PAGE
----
Ten days later comes Yom Kippur. The Day of Atonement. In ancient times, when the Jews had The Temple in Jerusalem (or before that, the Tabernacle in the wilderness) Yom Kippur was the one day of the year when the High Priest entered the Most Holy Place.  All the Jews would fast, and no one would work, on Yom Kippur.  Before entering the Most Holy Place the High Priest would offer a series of sacrifices covering himself, all the other priests, etc.  He would also wash several times. Then they would take two goats, and onto one goat, called the Azazel goat, the High Priest would symbolically transfer the sins of all the people.  The other goat, he would sacrifice and take its blood into the Most Holy Place with him.  The Azazel goat would be set outside the camp, or taken to a cliff and thrown down on the rocks.

In modern times, prayer services are substituted for all sacrifices.

The prayer services on Yom Kippur are largely about confession and repentance and dedication to serving God.  But its group confession and group repentance and group dedication.

Kol Nidre (part 9)

Now, what I really want to talk about in this piece is the tradition of Kol Nidre.  It’s a prayer service held at sundown on the evening that Yom Kippur starts.  It features the assembly of the congregation, the closing of the doors, and the Cantor singing the Kol Nidre.  Kol Nidre is prayer asking for God to forgive us for and release us from vows made falsely, usually under pain of torture or death — such as conversion to another religion. Or from vows we have intended to fulfill, but didn’t. It is by no means permission to lie, cheat, or steal in business or civil matters.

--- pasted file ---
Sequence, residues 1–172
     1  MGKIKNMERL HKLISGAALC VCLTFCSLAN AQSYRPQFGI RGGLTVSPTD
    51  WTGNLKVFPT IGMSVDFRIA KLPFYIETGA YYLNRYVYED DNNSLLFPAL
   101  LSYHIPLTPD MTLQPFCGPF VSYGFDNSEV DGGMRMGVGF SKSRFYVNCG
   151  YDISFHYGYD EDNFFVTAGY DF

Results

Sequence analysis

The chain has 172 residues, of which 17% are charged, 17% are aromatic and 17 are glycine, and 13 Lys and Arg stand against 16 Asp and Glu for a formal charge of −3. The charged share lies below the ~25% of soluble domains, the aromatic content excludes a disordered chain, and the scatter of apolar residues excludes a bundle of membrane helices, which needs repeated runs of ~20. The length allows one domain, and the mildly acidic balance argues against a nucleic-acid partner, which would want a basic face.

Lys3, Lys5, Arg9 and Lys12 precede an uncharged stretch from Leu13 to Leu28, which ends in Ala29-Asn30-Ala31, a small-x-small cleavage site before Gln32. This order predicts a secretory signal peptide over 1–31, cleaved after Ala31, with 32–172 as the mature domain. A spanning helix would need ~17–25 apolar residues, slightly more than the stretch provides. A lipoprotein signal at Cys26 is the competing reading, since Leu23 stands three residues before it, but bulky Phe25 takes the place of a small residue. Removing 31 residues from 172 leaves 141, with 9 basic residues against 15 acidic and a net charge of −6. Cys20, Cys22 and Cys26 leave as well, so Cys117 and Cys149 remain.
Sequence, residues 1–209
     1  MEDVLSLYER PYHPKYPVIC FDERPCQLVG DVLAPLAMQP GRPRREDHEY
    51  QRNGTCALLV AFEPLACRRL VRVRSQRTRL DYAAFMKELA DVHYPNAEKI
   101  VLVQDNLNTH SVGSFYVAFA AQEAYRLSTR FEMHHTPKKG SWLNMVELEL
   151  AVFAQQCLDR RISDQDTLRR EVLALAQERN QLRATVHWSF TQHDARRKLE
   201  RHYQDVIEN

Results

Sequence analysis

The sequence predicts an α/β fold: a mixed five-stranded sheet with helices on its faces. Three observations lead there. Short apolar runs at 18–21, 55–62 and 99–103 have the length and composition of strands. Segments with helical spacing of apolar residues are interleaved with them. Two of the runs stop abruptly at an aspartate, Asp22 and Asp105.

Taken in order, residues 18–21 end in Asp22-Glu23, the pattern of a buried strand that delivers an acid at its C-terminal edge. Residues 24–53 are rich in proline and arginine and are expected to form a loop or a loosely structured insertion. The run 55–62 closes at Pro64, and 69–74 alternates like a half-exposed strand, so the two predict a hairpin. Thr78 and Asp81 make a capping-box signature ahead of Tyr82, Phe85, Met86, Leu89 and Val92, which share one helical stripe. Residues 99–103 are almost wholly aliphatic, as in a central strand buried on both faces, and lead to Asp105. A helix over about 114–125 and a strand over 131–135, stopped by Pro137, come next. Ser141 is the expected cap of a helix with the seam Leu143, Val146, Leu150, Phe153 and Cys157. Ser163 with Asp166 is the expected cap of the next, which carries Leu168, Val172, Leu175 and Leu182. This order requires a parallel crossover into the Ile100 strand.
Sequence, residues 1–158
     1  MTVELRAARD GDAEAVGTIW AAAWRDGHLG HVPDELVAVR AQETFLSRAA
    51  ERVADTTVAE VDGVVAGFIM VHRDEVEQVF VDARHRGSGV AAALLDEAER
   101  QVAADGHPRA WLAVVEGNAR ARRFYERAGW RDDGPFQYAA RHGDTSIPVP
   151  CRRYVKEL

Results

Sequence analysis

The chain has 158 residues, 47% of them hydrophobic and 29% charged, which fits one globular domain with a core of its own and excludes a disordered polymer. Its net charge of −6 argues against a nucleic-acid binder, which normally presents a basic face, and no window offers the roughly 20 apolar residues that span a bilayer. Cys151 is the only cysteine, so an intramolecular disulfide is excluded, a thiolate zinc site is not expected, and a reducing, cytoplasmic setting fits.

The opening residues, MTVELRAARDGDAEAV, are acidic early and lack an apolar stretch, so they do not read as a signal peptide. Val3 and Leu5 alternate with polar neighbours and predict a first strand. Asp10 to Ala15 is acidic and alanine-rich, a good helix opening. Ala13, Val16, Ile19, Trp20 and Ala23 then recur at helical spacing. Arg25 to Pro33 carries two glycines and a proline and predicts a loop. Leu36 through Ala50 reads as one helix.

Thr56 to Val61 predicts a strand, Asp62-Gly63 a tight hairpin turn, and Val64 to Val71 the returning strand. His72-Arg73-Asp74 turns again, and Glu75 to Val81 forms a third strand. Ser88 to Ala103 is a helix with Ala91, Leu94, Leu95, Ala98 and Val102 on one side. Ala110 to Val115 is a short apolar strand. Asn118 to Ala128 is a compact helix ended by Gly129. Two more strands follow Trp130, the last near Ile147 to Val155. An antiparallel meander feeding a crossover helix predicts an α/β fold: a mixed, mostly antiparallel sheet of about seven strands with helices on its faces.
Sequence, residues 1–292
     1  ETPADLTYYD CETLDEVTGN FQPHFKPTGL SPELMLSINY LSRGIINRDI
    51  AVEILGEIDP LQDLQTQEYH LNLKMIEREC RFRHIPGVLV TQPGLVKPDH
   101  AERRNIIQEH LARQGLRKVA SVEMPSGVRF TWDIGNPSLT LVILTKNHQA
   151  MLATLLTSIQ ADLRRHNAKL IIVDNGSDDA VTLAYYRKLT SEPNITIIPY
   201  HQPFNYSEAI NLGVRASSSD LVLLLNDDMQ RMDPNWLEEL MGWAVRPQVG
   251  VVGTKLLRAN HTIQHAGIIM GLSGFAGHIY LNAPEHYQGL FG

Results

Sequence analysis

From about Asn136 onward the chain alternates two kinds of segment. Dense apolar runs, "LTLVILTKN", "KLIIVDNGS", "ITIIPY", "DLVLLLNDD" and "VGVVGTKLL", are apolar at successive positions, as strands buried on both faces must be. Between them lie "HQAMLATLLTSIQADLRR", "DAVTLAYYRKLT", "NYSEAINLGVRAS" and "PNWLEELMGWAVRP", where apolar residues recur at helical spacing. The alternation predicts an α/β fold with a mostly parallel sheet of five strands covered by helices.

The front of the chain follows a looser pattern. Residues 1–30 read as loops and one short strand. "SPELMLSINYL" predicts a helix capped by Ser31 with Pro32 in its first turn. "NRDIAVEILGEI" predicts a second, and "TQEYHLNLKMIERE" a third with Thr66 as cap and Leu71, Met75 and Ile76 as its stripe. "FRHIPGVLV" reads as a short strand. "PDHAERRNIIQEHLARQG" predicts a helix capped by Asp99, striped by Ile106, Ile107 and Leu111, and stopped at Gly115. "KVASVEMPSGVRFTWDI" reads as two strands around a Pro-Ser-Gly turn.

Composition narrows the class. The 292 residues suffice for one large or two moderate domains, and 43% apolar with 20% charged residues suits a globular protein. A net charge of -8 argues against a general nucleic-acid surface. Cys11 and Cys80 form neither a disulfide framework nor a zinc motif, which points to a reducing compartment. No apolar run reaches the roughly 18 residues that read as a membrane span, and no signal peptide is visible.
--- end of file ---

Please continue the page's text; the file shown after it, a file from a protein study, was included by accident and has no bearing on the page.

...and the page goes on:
It is widely regarded that Kol Nidre was written by rabbis in Europe during the Middle Ages, when Jews were frequently under various persecutions by Catholics or Muslims.  Under threat of torture or death, many Jews would change their names, begin going to the other religion’s worship and prayers in public, but practice their Judaism in private.  They would become crypto-Jews and hope that soon the King, Sultan, Prince, Bishop, or Caliph who decreed the persecution would be overthrown or die, or that they could move somewhere far away and practice their Judaism openly again.  Jews asked themselves questions like, “How can we serve God, if we’re dead?  How can my great grandchildren serve God, if they are never born because my bloodline is extinguished in this persecution?”  The answer was Kol Nidre.  We convert in public, but in private, before Yom Kippur, we will ask God to absolve us of the conversion.